A lot of people seemed to like my post on how to use past perfect tense, so I wanted to continue today with another grammar rundown. I’m going to go through some common comma issues I see in manuscripts. I know we are getting into the weeds a little with grammar, but it’s amazing how some small tweaks to your manuscript will help sentence structure, story understanding, and an overall better reading experience for your reader. Misplacing or misusing a comma can alter the meaning of a sentence, so yeah, they’re pretty important.

Comma Splice: Use commas to separate independent clauses when they are joined by a coordinating conjunction (and, but, for, or, nor, so, yet). A comma splice is when a comma without a conjunction joins two separate sentences. A comma splice is incorrect. There are a few ways to correct a comma splice. One way is to use a semicolon to connect the two clauses without using a conjunction. You can also break the sentence into two separate sentences.

Examples that are all correct:

  • My favorite book releases soon, and I am so excited.
  • My favorite book releases soon; I am so excited.
  • My favorite book releases soon. I am so excited.

Serial Comma: Use commas to separate words and groups of words with a series of three or more.

Examples:

  • This book has awesome dialogue, plot, and characterization.
  • Sebastian, Biggie, and Loki are my four legged babies.

Using commas to separate two or more coordinate adjectives that describe the same noun: This is a big one all writers should pay attention to. Use a comma to separate two or more coordinate adjectives that describe the same noun. Be careful not to add a comma before the final adjective and the noun or between non-coordinate adjectives. Here’s a helpful hint: if the word and can be inserted between the two adjectives, use a comma. If you can swap the adjectives around and they still make sense, use a comma. A coordinate adjective separately modifies the noun that follows it. Cumulative adjectives do not modify the noun that directly follows it.

Examples:

  • This is a strong, funny manuscript.
  • He wrapped me in an amazing power hug.  *You do not use a comma here because they are non-coordinate, and you can’t say, “He wrapped me in an amazing and power hug.

Comma to separate essential phrases and clauses: An essential phrase or clause is used to modify the noun. It also adds critical information to the sentence. You do not set essential phrases or clauses off with commas.

Example:

  • The people who work in publishing are awesome.

A nonessential phrase or clause adds extra information to the sentence. The phrase or clause can be eliminated without changing the meaning of the sentence. You should always set nonessential phrases or clauses off with commas.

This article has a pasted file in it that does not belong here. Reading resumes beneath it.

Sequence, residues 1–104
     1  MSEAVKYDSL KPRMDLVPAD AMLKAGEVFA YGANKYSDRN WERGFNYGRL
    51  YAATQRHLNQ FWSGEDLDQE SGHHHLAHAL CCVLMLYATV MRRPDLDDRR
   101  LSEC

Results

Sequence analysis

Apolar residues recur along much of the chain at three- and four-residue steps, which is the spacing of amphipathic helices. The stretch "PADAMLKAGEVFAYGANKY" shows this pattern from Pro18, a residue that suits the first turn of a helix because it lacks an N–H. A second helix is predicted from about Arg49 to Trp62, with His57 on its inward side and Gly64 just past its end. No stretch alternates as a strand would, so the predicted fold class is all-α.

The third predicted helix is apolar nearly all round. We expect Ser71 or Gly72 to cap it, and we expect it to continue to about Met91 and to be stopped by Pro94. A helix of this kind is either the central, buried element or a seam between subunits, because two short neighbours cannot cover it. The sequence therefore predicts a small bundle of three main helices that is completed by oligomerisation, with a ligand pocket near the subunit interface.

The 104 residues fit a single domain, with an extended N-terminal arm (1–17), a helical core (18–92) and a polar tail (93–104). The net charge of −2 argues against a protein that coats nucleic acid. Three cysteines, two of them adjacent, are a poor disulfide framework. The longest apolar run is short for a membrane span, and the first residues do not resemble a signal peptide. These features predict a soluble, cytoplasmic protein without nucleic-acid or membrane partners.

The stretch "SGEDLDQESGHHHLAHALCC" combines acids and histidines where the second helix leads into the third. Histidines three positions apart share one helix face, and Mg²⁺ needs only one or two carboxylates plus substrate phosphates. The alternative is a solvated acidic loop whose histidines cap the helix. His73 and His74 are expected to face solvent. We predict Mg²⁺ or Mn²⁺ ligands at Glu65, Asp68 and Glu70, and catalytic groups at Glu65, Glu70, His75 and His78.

Example:

  • Hugs and Chocolate, an awesome blog, is a great community. *Hugs and Chocolate is named, so the description is nonessential.

I could go on and on. There is so much information out there, but this is a good start. Let me know if you have any questions, and I’ll answer them in the comments.

 

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Writing in Past Perfect Tense

Naturally occurring iron springs in Telluride, Colorado.

First off, look at the gorgeous picture. I took that a few weeks ago in Telluride, Colorado. It’s naturally occurring iron springs. Stunning.

Okay, now we get into the fun stuff.

Regardless if your book is written in present tense or past tense (also referred to as simple past), there are times in your story when you’ll probably refer to something that has already happened. Sometimes a flashback is necessary to the story. When going into a flashback, or describing something that has already happened in the past, you’ll want to use the past perfect tense.

Well, when/how do you use past perfect?

Believe it or not, there’s a formula for past perfect: (had + past participle = past perfect). I’m not sure about you, but I learn better when I have an example in front of me, so here we go. I’m going to start off in past tense, go into a past perfect to describe something that has already happened, and then transition back to simple past.

Sebastian meowed over and over, trying to get my attention. He either wanted food or love. (Notice this first sentence is in simple past. The reader knows it’s in past tense, all the events that are happening in the story are told in the past.) I’d just graduated from college when I’d made the decision to get my very own cat. I’d always wanted a pound kitty. (Going into a flashback, switch to past perfect. Make sure your reader knows you’re talking about something that has already happened.)

Sebastian picked me as much as I picked him. (Here’s where it gets fun. When you go into past perfect, once you establish that it’s in the past, you switch from past perfect to simple past tense, because the word “had” becomes quite cumbersome, even when used in a contraction. The thing to remember is, when we come out of the flashback, make sure the reader is aware by, and the transition to “now” is clear.) He was such an energetic kitten. He played with my roommate’s cat and loved sitting in my window seat. Now (I’m establishing that the flashback is over, making the transition from past perfect to simple past tense), he’s (notice this is in present tense. That’s because it’s an absolute. Sebastian is still alive and kicking, therefore we use the present tense. I’ll have to do another blog post on absolutes, if you’re interested) fat and lazy, but full of personality. I wouldn’t have it any other way.

Hopefully that wasn’t too painful, and yes, I do love my animals an absurd amount.

The key to using past perfect is transition. You have to clue your reader in on the timeline. Make sure it’s smooth. This will eliminate confusion, and it allows you to tell more aspects of your story by using things from a character’s past.

If you have any questions, ask away, and I’ll answer in the comments.